Crowdfunding and Real Estate
Crowdfunding or the pooling of small amounts of capital to establish something new and out-of-the box had a quiet birth in the aftermath of the 2008 global financial crisis. It enabled individuals without access to huge funds but with ambitious ideas to realize their dreams and ambitions. Since then crowdfunding has empowered and encouraged many new players in varied professional fields. After its beginning in the West, this new financial model quickly spread to Europe and developing markets like Asia and Africa.
Today, crowdfunding is making its way slow and steadily into the real estate sector. It has transferred the power of making big investments into the hands of people, away from the business elites; simply by virtue of being able to invest flexible sums of money based on incomes. In India, crowdfunding has created one of the fastest growing marketplaces in recent times.
The Risks and Benefits
While the prospects are enticing, it is not a risk averse business. Crowdfunding may have opened up the investment “playing field” but investors are not clued up real estate professionals. Limited expertise with regard to evaluating risk, not carrying out due diligence or seeking legal counsel could result in unsafe investments. As no explicit laws exist that govern this new breakout version of an old, intractable industry, the marketplace is dotted with fraudulent deals that investors must be vigilant about. (Read : Opportunities for Foreign Investors in Indian Real Estate)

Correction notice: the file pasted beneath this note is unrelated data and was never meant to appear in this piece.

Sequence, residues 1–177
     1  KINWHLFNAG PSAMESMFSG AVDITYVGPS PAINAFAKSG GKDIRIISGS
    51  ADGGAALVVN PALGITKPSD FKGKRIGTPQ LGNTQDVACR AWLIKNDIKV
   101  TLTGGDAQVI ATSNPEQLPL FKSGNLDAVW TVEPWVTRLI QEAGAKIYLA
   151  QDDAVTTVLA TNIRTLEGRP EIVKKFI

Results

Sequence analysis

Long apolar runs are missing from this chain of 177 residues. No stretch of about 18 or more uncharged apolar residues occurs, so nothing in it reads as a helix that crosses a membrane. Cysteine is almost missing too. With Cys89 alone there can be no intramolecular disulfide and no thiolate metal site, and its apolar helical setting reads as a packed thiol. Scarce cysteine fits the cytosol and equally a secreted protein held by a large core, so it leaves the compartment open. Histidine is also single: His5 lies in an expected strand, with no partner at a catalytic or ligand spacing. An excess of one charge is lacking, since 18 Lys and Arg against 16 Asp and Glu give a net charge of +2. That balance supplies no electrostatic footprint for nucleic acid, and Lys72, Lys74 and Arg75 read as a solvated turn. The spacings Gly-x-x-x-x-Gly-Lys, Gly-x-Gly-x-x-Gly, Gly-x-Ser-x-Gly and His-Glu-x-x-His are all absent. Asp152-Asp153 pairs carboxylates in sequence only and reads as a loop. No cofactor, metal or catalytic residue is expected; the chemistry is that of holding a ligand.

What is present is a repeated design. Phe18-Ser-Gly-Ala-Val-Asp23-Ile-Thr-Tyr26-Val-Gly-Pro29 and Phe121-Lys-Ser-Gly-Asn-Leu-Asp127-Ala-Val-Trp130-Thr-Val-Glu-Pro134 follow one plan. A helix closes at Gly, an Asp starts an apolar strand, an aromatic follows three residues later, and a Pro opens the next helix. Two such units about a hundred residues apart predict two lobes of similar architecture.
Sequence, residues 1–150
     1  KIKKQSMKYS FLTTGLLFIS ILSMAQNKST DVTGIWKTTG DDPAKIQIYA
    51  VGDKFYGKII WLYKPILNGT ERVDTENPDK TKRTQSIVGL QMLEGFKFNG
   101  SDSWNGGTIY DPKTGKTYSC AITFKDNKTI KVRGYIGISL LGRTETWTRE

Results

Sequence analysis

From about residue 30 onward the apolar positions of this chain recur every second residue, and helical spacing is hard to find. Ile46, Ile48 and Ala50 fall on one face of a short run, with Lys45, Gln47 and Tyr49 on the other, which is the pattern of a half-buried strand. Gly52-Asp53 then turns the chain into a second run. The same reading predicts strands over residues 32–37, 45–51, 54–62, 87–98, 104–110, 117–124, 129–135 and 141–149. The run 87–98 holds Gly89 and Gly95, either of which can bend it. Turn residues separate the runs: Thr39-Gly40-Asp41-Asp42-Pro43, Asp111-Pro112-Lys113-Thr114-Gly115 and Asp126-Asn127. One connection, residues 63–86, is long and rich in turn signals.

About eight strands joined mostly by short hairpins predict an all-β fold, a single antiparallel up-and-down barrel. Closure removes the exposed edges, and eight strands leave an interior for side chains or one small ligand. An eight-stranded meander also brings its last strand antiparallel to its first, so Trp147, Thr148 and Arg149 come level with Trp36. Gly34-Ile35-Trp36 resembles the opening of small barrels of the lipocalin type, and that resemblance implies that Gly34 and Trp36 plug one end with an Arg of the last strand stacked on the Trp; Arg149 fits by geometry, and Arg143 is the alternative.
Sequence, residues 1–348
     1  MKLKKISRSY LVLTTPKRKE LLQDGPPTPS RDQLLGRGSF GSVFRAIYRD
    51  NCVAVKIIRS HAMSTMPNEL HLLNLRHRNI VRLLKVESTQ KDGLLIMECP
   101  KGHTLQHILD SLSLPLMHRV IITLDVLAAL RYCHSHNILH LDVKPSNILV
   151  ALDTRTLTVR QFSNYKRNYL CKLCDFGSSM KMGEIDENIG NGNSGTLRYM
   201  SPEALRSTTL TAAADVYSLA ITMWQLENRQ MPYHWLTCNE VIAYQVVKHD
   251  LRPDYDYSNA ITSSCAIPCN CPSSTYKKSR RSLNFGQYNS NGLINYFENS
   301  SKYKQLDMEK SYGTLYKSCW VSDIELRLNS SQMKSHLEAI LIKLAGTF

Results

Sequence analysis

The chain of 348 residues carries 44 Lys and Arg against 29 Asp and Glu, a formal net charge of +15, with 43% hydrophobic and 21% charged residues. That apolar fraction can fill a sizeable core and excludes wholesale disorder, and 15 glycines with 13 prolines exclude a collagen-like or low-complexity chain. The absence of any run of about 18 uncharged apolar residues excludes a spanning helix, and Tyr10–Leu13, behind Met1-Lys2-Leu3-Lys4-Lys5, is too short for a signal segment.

So crowdfunding has begun to change the rules for investors even as it defines the market for developers. This alternate means of raising capital has broadened their options, especially the less established or those whose capital requirements are not entirely covered by banks or other traditional financing agents.
This dual requirement of investors looking for pre-vetted properties and developers needing an alternative method for generating capital through multiple sources has created the need for common platforms to facilitate business. Online platforms such as Smart Owner (India), iFunding (Asia) and CoAssets (Southeast Asia) have come about with precisely the aim to be the digital meeting ground between the two ends of the crowdfunding real estate spectrum. They provide end-to-end solutions and minimize the risks involved in what is already a risky business.
Digital platforms for crowdfunding have now made it possible for investors to overcome geographical restrictions, and diversify their portfolios of investment by splitting their money between different types of real estate projects the world over. This also helps create a safeguard buffer should one’s investment fail.
Need for Regulation
Finally, crowdfunding in real estate is a relatively new trend. In the USA, due to regulatory restrictions, it was not possible for the real estate sector to capitalize on crowdfunding until the passing of the JOBS Act (Jumpstart Our Business Startups Acts) in 2012. In India, equity based crowdfunding is now legal but given that the real estate market is not a transparent one, legal norms have to be put in place to eliminate corruption and illegal money that finds its way into the sector.